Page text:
Recent changes in the Federal tax laws may affect your withholdings. For information on the law and updating your W-4, see Update Your W-4 on the Idaho State Tax Commission’s website.
Air B&B, VRBO and similar websites have made it easy for homeowners to rent a room, cabin or another temporary lodging to the public. However, a homeowner cannot just open their doors without first registering as a business with the Idaho Secretary of State’s office and securing required state and local permits. See short-term rentals on the Idaho State Tax Commission’s website for information on properly establishing a temporary lodging facility. The IRS website contains Federal tax reporting information for temporary rentals. Short term rentals must collect sales tax, lodging tax and more. If a lodger remains more than 30 continuous days in the same room or space, taxes do not apply.
Homeowners may not rent space in an RV, travel trailer or similar structure not designed for permanent habitation, nor can they allow someone to park and live in an RV or travel trailer on their property and collect rent for the space.
Check with your local city clerk’s office to find out if you need a local business license or permit, a home occupation permit or something more. Some cities impose additional requirements, including such things as proof of adequate parking and proof of an emergency evacuation plan. There may be an annual license fee, which can be several hundred dollars. Requirements vary by city, including a requirement in some cities that the homeowner be on-site during the time the space is rented.
As of January 1, 2018 short-term rental marketplaces (Airbnb, VRBO, etc.) are required to register with the state and collect applicable taxes. If the marketplace fails to register or the property owner doesn’t use a marketplace, the property owner is responsible for collecting and remitting taxes.
Homeowners who rent storage space at their home for items such as RVs or boats are considered business owners and must register a business name with the Idaho Secretary of State and collect any applicable taxes.
As Idaho’s rapid growth continues, we are seeing an influx of people moving to Idaho who are working remotely for their out-of-state employer, usually from home and often in an administrative capacity. When an employee lives and works in Idaho, their employer must establish a state income tax withholding account with the Idaho State Tax Commission and a state unemployment insurance tax account with the Idaho Department of Labor. The employer also needs to carry workers compensation insurance issued by a provider licensed to do business in Idaho.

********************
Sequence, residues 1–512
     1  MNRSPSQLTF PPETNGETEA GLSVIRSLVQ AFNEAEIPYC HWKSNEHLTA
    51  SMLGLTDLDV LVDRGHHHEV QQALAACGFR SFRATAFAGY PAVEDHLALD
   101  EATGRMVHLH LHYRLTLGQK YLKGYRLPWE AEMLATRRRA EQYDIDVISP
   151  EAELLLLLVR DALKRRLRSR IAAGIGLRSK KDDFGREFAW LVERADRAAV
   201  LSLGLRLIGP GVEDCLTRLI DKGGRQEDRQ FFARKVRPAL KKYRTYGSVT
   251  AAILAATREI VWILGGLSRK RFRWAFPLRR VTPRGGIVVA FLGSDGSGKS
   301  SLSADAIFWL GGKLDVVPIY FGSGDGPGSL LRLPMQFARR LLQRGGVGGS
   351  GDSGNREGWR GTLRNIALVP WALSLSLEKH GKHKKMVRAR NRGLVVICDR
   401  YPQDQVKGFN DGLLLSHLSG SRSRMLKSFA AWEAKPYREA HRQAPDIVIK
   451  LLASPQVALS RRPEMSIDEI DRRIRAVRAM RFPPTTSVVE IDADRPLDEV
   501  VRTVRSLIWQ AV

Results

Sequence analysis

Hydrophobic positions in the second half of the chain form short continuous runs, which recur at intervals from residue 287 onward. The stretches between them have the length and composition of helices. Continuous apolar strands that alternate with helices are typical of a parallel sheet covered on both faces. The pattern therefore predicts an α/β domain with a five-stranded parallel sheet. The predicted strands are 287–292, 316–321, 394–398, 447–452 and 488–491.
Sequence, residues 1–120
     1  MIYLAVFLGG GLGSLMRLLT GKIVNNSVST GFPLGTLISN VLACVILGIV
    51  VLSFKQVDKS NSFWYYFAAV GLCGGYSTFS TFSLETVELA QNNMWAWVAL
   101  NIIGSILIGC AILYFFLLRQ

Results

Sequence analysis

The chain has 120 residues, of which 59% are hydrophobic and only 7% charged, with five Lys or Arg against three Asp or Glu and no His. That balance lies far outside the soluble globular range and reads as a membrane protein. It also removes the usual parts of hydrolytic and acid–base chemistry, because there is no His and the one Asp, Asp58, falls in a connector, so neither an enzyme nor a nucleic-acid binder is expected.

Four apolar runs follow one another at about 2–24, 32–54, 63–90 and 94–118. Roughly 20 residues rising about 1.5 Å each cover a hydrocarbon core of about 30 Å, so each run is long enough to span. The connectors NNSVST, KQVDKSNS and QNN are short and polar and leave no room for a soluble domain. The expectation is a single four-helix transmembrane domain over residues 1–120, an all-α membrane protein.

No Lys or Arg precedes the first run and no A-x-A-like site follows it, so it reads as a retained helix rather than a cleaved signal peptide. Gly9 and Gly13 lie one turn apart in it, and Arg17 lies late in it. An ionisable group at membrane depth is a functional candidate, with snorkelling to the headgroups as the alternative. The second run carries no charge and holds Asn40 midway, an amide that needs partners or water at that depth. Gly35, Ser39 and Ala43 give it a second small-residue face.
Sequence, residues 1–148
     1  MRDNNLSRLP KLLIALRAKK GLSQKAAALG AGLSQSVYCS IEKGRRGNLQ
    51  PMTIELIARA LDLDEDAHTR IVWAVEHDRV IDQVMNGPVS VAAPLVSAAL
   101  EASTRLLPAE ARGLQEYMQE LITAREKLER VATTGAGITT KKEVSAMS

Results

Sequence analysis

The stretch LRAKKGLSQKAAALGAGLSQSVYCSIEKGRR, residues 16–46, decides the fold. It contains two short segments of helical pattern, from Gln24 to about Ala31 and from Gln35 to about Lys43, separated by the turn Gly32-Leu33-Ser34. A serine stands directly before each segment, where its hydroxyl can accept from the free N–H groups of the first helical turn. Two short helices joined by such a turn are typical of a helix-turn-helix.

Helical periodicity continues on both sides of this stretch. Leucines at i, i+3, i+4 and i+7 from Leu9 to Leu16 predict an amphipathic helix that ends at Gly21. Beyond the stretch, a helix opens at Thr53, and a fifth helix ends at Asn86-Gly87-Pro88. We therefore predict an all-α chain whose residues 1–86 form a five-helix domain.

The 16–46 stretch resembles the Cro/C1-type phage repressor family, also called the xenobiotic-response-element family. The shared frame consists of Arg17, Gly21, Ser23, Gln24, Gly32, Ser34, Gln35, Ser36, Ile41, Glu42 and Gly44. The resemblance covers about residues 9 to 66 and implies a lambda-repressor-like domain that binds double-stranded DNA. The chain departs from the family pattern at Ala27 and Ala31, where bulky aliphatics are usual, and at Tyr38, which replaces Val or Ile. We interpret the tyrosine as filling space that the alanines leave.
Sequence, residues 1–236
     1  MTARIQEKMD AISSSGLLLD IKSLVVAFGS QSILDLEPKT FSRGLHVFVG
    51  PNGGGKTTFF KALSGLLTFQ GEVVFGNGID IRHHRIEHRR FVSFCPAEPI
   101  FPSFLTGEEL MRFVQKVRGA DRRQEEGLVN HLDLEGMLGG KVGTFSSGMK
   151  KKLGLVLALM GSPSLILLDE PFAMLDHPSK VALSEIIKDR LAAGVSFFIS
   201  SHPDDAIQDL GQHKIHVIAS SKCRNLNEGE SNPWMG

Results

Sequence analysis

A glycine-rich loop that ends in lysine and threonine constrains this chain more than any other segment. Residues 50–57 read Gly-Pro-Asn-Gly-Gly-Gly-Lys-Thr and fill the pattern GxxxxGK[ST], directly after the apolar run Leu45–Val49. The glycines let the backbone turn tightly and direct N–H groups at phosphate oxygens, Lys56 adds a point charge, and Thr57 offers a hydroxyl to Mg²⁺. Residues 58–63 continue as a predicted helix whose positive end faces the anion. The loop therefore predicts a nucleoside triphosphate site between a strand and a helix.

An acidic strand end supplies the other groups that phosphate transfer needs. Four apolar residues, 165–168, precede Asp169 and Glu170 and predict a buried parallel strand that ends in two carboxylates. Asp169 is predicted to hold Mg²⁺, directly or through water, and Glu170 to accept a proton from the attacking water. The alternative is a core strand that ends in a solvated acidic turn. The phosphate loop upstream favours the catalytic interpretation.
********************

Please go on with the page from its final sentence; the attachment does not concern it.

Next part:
If the employee is actively engaged in soliciting business or selling a product, the business needs to register with the Idaho Secretary of State as a foreign entity in addition to opening withholding and unemployment accounts. A sales tax permit and/or other licenses may be needed as well.
Perhaps the most common issue we at business.idaho.gov encounter when responding to inquiries from business owners is confusion between a business license and business registration. They are very different. In Idaho, business licenses are issued at the local level by cities and counties. Most cities license only a few select business activities affecting the general welfare, such as daycares, taxis, alcohol sales and eating and drinking establishments. A few cities license all business activities, including home-based ones, so be sure to check with your local city clerk’s office or visit their website.
Businesses register their name and entity type with the Idaho Secretary of State’s office before starting business or applying for other licenses and permits. All businesses operating in Idaho should be registered, but many do not need a business license. In some states, registering the business is called securing a state business license, hence the confusion.
Using appropriate terminology and explaining the difference to business owners we encounter will help reduce confusion as new business owners or those new to business in Idaho navigate the maze of business requirements.